Nuku’s Story

Every 2.5 minute a baby with cleft lip/palate is born somewhere in the world, making it one of the most common birth defects worldwide. Cleft babies in developed countries typically have their cleft repaired soon after birth and benefit from a comprehensive cleft care package that includes a series of surgeries as well as dental treatment and speech therapy.

For the more than 170,000 cleft babies born every year in the developing world, however, such treatment is far from given. Where cleft treatment is available, it is often too costly for a family to afford. While poverty is the most important factor preventing cleft babies in developing countries from receiving the necessary treatment, cultural and societal preconceptions about disfigurement also play a role.

In some communities, a baby born with cleft is considered cursed and rejected by its family and community. Children with an un-repaired cleft are often stigmatised and hidden away out of shame. Sometimes the mother of a cleft affected child is accused of having done something wrong for her child to be born with a cleft. Prejudice, superstition and cultural myths die hard, which is why a recent feature film by Ghanaian filmmaker Priscilla Anany is so important.  Continue reading

Unyummy Mummy

s-l300When I announced I was pregnant with my firstborn, my parents exclaimed:

“Who would have thought you would have children, you’re not exactly the maternal type.”

And when I eventually married the father of my children, they were equally astounded,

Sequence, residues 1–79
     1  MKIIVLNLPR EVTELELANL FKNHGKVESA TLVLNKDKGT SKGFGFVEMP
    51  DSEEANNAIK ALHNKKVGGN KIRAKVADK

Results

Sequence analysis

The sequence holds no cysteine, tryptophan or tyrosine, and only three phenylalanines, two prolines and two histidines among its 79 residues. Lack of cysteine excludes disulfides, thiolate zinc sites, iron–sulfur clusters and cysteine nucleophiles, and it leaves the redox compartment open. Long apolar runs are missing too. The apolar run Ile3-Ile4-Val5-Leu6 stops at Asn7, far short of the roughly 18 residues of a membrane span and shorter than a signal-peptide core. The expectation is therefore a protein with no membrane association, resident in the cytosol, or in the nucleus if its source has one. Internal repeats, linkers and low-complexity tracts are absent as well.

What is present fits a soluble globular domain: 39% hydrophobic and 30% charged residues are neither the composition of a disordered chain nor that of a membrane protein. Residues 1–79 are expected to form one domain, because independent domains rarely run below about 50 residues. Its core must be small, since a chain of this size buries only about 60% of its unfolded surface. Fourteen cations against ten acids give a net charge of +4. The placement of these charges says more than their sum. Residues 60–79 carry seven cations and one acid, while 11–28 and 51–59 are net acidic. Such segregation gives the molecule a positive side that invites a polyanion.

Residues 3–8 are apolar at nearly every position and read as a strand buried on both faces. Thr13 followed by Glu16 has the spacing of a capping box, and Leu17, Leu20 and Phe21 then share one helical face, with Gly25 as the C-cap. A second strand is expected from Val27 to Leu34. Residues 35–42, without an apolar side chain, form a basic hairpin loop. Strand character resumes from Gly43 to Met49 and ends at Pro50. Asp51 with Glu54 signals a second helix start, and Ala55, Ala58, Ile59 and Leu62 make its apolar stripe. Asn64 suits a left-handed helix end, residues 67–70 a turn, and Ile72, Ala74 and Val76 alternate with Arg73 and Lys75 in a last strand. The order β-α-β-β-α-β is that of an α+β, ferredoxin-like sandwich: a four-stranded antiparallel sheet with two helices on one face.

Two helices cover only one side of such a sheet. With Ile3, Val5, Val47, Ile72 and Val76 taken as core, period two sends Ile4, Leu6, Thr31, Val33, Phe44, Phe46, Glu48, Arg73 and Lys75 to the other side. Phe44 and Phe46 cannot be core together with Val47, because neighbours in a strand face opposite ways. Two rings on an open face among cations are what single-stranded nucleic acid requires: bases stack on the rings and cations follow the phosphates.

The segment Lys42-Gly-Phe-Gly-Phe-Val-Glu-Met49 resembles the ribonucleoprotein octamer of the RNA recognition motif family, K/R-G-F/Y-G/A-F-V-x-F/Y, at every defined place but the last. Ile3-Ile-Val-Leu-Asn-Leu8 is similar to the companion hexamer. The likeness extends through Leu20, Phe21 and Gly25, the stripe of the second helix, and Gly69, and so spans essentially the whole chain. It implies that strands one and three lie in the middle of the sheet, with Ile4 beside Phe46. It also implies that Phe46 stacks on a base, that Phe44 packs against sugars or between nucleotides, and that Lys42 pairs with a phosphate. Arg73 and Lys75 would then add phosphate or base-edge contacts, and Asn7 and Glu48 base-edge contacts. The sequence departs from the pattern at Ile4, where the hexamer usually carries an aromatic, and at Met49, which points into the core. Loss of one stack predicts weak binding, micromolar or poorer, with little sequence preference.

“We didn’t think you were the marrying kind.”

To be fair, I’d never openly expressed a desire for either motherhood or marriage, but without getting too sentimental about my love for my children and my husband, let me state for the record, that I am very happy I did become a mother and wife…even though I don’t have quite what it takes to be either:  Continue reading

Breathing Your Way to Wholeness

happiness-1866081_640Breathing, the most fundamental function of the human body, has never come easily to me.

My cleft lip and palate meant that I also had an impaired nasal airway and while subsequent rhinoplasty left me with a somewhat less wonky nose, it did little to improve my ability to breathe through it.

As is common with children born with cleft, I developed a habit of breathing through my mouth, and despite numerous attempts in recent years, by yoga instructors, personal trainers, and meditation coaches to teach me to breathe through my nose, I’m still a mouth breather.

For a long time, I didn’t pay much attention to my breath, until about two years ago when three blood clots lodged themselves in my lungs, making it very painful to breathe at all. Continue reading

Rules Are Made To Be Broken – Unless You’re in Sweden

After nearly three weeks of leisure, good food and wine as well as the occasional swim in 17℃ water the time had come to say goodbye to Sweden and fly back home to London.

But before we left, we stopped over in Gothenburg to see family and spend a day at the amusement park there. The 10-year old is a daredevil and forced her dad to join her on the most gruesome rides, while I was spared such terror and headed to the child-friendly section with the 7-year old.

After about an hour in the park, my husband sent me a text,

“I’ve been sick, I’ve got food poisoning.” Continue reading

The Simple Pleasures of Country Living – as perceived by an inveterate big city girl

Two weeks into our stay in the Swedish countryside, I am feeling more alive than I did when we’d just arrived here from London.